Posts Tagged ‘conservative’

Have you ever been to a church service, perhaps in early July, where they “honor veterans” by asking them to stand while the rest of the congregation erupts into applause and the pastor, or whoever, says something to the effect of “Thank you for your service”?  I have been to at least three.  And in case you’re wondering, these weren’t churches in Texas full of gun-toting Republicans; it was here, in the Bay Area, at good Bible-teaching churches.  This is a tragedy.

I call this an “American tragedy” because I believe it to be a peculiarly American phenomenon–that, being the Cross+Flag faith that I’ve alluded to before.  Perhaps this occurs in churches in other countries with standing armies, a history of military interventionism, and a strong sense of nationalism.  I wouldn’t be surprised if it did–the U.K., France, Canada, Australia seem likely.  Yet, America is unique in its historical relationship to Christianity and I am convinced that this is the source of our syncretism.  That being said why is this a tragedy?  The role of a Christian church is to affirm and encourage obedience in the form of acts of love towards God and others, not to affirm and encourage sin.  As Christians we are called to submit to and obey our respective governments (see Romans 13:1-5, Titus 3:1); we are not called to sin for them.  Unless an individual is a cook, doctor, or some other kind of non-combatant, job duties in the military will unfortunately require the taking of human lives in violent warfare–or at least the preparation and willingness to do so.  Violence, murder, and vengeance are the very essence of warfare and each one is sin.   If our government asks us to sin then we must be prepared to join with the Apostles and shout, “we must obey God rather than men!” (Acts 5:29), and then be willing to endure any persecution that might come as a result.  This is the brutal and dangerous nature of being a Christian and loving our Lord and I say that it is a tragedy when our churches affirm and encourage sin rather than obedience!  It is safer, and certainly more P.C., but what a tragedy it is when Christians gather together and those who have participated in sin are esteemed rather than corrected and pointed towards love.  And let me quickly offer the disclaimer that this is not a critique of the so-called Just War Theory, the necessity of a strong national defense, rules of engagement, or any other secular, political idea.  I am talking exclusively to the Church here because “what business is it of mine to judge those outside the church?  Are you not to judge those inside?  God will judge those outside!” (1 Corinthians 5:12-13).

You know what I would love to see?  I would love to go to church next 4th of July or Veteran’s Day and witness submission and obedience to God in relation to government affirmed.  Do you pay all your taxes?  Do you obey traffic laws?  Have you never stolen or vandalized property?  Do you show respect to government officials?  Do you fill out government forms honestly?  If so, you should be standing and receiving applause from your congregation!  You are the role model for your fellow Christians!  You show faithfulness to God through your fearless submission to the government!  You are the one deserving a “thank you” from the pastor for your faithful witness and obedience to God “rather than men”!  If churches feel so obligated to use patriotic holidays as an opportunity to affirm acts done for our earthly kingdom then let them affirm acts such as these for they show allegiance to the Kingdom of God and are the only ones that should be encouraged at church.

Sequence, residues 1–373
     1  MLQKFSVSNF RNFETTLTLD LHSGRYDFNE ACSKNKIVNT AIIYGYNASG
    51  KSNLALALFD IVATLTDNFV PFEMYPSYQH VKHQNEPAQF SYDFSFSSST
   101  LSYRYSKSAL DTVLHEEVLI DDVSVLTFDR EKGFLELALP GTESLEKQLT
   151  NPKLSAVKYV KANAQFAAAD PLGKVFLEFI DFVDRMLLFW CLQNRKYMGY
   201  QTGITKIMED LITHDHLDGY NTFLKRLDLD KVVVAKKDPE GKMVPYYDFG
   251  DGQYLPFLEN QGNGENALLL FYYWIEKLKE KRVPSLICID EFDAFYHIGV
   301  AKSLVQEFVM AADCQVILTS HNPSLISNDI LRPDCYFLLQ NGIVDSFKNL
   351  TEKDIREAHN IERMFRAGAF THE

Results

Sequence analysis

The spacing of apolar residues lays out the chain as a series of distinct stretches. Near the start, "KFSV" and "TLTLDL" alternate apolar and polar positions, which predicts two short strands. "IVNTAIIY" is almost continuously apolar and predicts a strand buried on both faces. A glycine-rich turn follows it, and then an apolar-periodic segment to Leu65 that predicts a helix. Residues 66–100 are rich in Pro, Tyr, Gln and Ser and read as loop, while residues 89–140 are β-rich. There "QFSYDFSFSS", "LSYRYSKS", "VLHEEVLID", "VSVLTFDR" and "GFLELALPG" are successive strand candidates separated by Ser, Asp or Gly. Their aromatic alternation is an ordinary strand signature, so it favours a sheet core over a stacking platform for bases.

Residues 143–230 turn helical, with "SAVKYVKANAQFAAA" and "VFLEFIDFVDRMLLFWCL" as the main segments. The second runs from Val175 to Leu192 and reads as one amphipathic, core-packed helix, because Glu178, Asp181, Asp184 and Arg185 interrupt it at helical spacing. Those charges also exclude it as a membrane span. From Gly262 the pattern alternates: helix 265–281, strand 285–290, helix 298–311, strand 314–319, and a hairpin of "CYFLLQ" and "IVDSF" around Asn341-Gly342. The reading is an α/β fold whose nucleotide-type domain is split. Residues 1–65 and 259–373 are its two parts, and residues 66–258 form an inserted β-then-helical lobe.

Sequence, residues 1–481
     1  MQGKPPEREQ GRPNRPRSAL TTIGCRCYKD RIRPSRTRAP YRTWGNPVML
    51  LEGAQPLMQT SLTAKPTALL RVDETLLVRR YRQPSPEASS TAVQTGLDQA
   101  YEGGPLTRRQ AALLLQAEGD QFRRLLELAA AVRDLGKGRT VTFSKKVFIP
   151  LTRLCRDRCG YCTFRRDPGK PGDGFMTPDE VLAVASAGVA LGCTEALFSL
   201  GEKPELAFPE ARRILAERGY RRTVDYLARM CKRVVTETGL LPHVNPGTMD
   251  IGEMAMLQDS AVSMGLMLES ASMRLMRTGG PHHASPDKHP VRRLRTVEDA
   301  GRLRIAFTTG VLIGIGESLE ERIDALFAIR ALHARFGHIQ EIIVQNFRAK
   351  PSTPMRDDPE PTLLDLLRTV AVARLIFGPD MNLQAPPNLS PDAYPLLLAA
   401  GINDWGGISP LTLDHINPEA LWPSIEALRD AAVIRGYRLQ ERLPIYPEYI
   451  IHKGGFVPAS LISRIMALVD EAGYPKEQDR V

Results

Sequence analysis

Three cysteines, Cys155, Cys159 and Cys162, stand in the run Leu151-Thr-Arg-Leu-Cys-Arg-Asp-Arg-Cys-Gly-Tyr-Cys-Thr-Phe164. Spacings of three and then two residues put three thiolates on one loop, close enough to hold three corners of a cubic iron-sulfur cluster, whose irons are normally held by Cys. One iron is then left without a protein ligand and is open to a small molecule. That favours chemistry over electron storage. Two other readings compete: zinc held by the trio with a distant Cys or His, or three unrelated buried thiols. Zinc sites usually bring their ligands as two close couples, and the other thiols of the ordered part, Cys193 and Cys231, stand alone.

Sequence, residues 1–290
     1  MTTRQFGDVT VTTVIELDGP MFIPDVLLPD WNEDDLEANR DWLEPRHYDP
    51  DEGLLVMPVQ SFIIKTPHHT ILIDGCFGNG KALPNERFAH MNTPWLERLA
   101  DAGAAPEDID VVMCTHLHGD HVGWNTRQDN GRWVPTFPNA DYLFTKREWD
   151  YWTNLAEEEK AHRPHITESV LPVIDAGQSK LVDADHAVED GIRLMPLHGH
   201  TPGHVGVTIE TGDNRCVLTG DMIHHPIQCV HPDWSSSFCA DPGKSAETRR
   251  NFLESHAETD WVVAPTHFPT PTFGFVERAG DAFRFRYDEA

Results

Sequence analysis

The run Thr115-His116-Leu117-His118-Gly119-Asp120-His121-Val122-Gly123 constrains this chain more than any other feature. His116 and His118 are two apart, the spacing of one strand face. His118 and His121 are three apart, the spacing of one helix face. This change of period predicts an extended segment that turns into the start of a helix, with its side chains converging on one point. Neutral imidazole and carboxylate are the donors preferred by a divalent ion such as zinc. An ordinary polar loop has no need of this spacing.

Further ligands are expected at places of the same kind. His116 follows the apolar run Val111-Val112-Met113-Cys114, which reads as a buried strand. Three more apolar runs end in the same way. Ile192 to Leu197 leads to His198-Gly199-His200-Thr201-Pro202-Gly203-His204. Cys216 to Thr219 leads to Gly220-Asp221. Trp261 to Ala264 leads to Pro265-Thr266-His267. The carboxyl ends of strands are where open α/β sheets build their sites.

Church is for affirming and encouraging righteousness and “blessed is the man who does not condemn himself by what he approves.” (Romans 14:22)  Since God desires for us to obey our government, so far as it doesn’t conflict with His Kingdom, let’s encourage each other to do so.  But let’s not allow our government or American culture define obedience for us.  That would be a tragedy.



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When it comes to American Christianity and its culture I have spent almost my entire life as either an active participant or a curious observer.  Having been in and out of a wide variety of groups, ministries, and churches–while reading, listening, and asking about those I haven’t experienced firsthand–someone like myself can’t help but carefully look at all the different expressions of Christianity and hope to find some consistent theme that would illustrate our unity in Christ.  This analysis has been kicked into overdrive in the past year while I’ve followed the presidential campaigns.  Since it’s an election year many Americans are verbalizing their values and desires for what kind of “America” they want more than they usually do.  Because of this, the entire spectrum of ‘Christian values’ has been on display via the media: right, left, middle, red, blue, green, rainbow, etc.  Taking it all in, it seems that aside from the fundamental belief in Jesus’ saving resurrection, American Christian values and expressions of faith are just as varied as I’ve seen in my own experiences.

Yet, increasingly, I’ve observed a common thread that seems to tie much of American Christianity together: unwavering devotion to the United States.  While this isn’t true for all Christians living here, my conclusion is that this is true for the majority.

Love your country as yourself?